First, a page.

Four royal aides say they do not wish to "take sides" over a letter from the Duchess of Sussex to her father, the High Court has been told.
In a letter lawyers for the four said they believed their clients could "shed some light" on the letter's drafting but the four were "strictly neutral".
Meghan is suing the Mail on Sunday and Mail Online publisher over articles that reproduced parts of the letter.
She claims her privacy and copyright were breached by the newspaper group.
Her lawyers are asking for summary judgement - a dismissal of Associated Newspapers' (ANL) defence instead of a trial.
The five articles, published in February 2019, were a "triple-barrelled invasion" of the duchess's privacy, correspondence and family, the lawyers claim.
She is seeking damages from the newspaper group for alleged misuse of private information, copyright infringement and breach of the Data Protection Act over the articles.
ANL claims Meghan wrote her letter "with a view to it being disclosed publicly at some future point" in order to "defend her against charges of being an uncaring or unloving daughter", which she denies.
On the second day of the hearing on Wednesday, ANL's barrister Antony White QC told the court that a letter from the so-called "palace four" showed that "further oral evidence and documentary evidence is likely to be available at trial which would shed light on certain key factual issues in this case".
He said it was "likely" there was also further evidence about whether Meghan "directly or indirectly provided private information" to the authors of an unauthorised biography of the Duke and Duchess of Sussex, Finding Freedom.
The four aides are: Jason Knauf, former communications secretary to the Duke and Duchess of Sussex, Christian Jones, their former deputy communications secretary, Samantha Cohen, formerly the Sussexes' private secretary, and Sara Latham, their ex-director of communications.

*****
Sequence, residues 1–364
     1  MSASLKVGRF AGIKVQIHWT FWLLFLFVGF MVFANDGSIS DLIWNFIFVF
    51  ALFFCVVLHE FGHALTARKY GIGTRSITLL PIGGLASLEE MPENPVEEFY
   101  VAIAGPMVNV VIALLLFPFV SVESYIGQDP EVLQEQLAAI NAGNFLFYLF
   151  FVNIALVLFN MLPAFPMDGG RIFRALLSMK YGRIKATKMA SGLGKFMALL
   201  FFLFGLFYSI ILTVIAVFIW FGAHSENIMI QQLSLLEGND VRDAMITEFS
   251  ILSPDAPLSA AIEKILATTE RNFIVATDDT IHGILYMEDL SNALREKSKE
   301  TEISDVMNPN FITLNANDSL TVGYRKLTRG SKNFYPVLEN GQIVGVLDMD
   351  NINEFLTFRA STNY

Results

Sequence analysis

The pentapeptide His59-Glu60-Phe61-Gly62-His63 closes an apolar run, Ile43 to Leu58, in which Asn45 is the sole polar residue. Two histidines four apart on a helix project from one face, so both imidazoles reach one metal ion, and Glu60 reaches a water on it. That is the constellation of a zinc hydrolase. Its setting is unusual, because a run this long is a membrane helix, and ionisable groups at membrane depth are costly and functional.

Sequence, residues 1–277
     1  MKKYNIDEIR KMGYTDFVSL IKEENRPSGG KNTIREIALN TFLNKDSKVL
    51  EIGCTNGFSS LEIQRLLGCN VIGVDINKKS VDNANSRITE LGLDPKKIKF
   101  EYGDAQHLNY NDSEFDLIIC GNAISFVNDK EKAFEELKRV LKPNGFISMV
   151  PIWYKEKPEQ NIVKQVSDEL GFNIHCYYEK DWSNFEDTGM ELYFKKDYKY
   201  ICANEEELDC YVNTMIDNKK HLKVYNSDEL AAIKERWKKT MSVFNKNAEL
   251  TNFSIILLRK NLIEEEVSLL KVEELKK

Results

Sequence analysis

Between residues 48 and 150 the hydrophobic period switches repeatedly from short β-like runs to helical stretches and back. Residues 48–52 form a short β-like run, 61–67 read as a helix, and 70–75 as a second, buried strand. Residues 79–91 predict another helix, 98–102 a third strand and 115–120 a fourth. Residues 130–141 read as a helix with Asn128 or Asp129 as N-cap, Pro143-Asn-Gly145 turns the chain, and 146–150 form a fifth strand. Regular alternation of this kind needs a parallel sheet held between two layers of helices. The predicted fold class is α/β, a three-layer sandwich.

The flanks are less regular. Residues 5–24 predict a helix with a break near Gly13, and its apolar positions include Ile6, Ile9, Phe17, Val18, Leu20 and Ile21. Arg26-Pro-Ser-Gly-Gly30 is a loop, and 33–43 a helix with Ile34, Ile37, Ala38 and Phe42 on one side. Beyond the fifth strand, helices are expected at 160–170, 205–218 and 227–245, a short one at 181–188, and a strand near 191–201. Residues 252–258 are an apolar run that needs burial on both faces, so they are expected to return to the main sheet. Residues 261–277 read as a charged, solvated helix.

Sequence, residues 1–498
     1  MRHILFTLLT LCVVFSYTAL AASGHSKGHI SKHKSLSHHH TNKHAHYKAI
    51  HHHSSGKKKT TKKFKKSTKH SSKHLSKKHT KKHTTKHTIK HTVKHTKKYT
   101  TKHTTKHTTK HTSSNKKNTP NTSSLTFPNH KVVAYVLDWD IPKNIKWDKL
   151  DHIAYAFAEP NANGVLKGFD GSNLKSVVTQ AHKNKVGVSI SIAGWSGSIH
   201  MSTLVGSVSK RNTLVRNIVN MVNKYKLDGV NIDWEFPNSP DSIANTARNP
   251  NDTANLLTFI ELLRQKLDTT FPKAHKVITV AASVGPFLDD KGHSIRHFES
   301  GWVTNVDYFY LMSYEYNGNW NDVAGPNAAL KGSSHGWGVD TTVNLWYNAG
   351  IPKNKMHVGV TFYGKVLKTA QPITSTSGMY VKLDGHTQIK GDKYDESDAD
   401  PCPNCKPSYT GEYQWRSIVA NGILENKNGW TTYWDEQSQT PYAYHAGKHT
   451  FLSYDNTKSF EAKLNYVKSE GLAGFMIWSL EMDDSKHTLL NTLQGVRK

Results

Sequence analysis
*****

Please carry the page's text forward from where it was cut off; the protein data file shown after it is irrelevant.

"None of our clients welcomes his or her potential involvement in this litigation, which has arisen purely as a result of the performance of his or her duties in their respective jobs at the material time," their lawyers said in a letter sent on their behalf.
"Nor does any of our clients wish to take sides in the dispute between your respective clients. Our clients are all strictly neutral.
"They have no interest in assisting either party to the proceedings. Their only interest is in ensuring a level playing field, insofar as any evidence they may be able to give is concerned."
Their letter said that their lawyers' "preliminary view is that one or more of our clients would be in a position to shed some light" on "the creation of the letter and the electronic draft".
It also said they may be able to shed light on "whether or not the claimant anticipated that the letter might come into in the public domain" and whether or not the duchess "directly or indirectly provided private information, generally and in relation to the letter specifically, to the authors of Finding Freedom".
But Justin Rushbrooke QC, representing the duchess, said the letter from the four "contains no information at all that supports the defendant's case on alleged co-authorship (of Meghan's letter), and no indication that evidence will be forthcoming that will support the defendant's case should the matter proceed to trial".
Meghan, 39, sent a handwritten letter to her father in August 2018, following her marriage to Prince Harry in May that year, which Mr Markle did not attend. The couple are now living in the US with their son Archie.
The full trial of the duchess's claim had been due to be heard at the High Court this month, but last year the case was adjourned until autumn 2021.
At the conclusion of the hearing on Wednesday afternoon, Mr Justice Warby reserved his judgement, which he said he would deliver "as soon as possible".